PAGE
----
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PLoS One. 2011;6(10):e26278. doi: 10.1371/journal.pone.0026278. Epub 2011 Oct 26.

A novel metagenomic short-chain dehydrogenase/reductase attenuates Pseudomonas aeruginosa biofilm formation and virulence on Caenorhabditis elegans.

Author information

1
Abteilung für Mikrobiologie und Biotechnologie, Biozentrum Klein Flottbek, Universität Hamburg, Hamburg, Germany.

Abstract

In Pseudomonas aeruginosa, the expression of a number of virulence factors, as well as biofilm formation, are controlled by quorum sensing (QS). N-Acylhomoserine lactones (AHLs) are an important class of signaling molecules involved in bacterial QS and in many pathogenic bacteria infection and host colonization are AHL-dependent. The AHL signaling molecules are subject to inactivation mainly by hydrolases (Enzyme Commission class number EC 3) (i.e. N-acyl-homoserine lactonases and N-acyl-homoserine-lactone acylases). Only little is known on quorum quenching mechanisms of oxidoreductases (EC 1). Here we report on the identification and structural characterization of the first NADP-dependent short-chain dehydrogenase/reductase (SDR) involved in inactivation of N-(3-oxo-dodecanoyl)-L-homoserine lactone (3-oxo-C(12)-HSL) and derived from a metagenome library. The corresponding gene was isolated from a soil metagenome and designated bpiB09. Heterologous expression and crystallographic studies established BpiB09 as an NADP-dependent reductase. Although AHLs are probably not the native substrate of this metagenome-derived enzyme, its expression in P. aeruginosa PAO1 resulted in significantly reduced pyocyanin production, decreased motility, poor biofilm formation and absent paralysis of Caenorhabditis elegans. Furthermore, a genome-wide transcriptome study suggested that the level of lasI and rhlI transcription together with 36 well known QS regulated genes was significantly (≥10-fold) affected in P. aeruginosa strains expressing the bpiB09 gene in pBBR1MCS-5. Thus AHL oxidoreductases could be considered as potent tools for the development of quorum quenching strategies.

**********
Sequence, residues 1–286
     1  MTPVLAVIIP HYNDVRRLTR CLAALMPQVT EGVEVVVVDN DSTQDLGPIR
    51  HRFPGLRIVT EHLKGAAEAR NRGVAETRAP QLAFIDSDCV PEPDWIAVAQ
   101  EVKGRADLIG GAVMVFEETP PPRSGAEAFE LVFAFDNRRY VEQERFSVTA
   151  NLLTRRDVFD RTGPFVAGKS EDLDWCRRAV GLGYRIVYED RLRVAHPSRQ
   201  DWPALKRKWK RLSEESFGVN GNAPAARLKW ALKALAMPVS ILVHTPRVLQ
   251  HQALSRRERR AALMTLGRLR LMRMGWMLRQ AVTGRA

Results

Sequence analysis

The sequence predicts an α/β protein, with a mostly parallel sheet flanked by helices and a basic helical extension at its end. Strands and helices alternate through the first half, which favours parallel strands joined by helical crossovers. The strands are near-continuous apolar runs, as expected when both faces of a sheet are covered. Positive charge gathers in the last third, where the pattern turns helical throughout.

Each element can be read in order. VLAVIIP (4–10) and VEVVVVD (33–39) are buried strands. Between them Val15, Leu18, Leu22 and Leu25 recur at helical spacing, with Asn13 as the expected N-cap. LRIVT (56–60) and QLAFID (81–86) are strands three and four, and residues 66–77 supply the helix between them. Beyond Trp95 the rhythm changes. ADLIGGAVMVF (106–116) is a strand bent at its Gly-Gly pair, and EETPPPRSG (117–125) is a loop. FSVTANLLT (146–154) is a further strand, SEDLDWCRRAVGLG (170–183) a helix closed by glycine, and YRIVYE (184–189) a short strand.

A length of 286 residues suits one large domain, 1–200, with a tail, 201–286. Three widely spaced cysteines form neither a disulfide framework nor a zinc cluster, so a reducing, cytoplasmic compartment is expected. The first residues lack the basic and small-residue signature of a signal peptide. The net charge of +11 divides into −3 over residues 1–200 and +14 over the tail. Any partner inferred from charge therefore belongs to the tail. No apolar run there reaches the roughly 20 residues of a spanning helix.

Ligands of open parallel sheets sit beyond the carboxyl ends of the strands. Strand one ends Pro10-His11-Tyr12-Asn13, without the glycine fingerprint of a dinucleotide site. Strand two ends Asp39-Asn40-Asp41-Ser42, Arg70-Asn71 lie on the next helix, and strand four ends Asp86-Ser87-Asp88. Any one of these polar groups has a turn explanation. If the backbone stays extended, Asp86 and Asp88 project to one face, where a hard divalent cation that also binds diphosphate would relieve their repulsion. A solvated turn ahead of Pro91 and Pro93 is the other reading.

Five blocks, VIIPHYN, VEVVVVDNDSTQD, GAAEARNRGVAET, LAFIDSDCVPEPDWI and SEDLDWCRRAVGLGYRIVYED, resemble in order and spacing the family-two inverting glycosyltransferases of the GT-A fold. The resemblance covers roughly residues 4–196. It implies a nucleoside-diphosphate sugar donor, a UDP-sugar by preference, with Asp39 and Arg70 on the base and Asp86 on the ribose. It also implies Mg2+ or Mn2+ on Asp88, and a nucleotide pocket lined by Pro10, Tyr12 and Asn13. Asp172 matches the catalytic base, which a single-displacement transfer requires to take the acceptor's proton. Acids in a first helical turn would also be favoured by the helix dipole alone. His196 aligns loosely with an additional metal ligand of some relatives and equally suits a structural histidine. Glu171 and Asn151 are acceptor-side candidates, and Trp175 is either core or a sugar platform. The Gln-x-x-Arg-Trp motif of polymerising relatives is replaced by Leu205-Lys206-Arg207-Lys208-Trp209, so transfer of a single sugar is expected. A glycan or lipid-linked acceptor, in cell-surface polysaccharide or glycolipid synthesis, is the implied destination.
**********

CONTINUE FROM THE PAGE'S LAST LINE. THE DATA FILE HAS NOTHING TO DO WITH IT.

PMID:
22046268
PMCID:
PMC3202535
DOI:
10.1371/journal.pone.0026278
[Indexed for MEDLINE]
Free PMC Article

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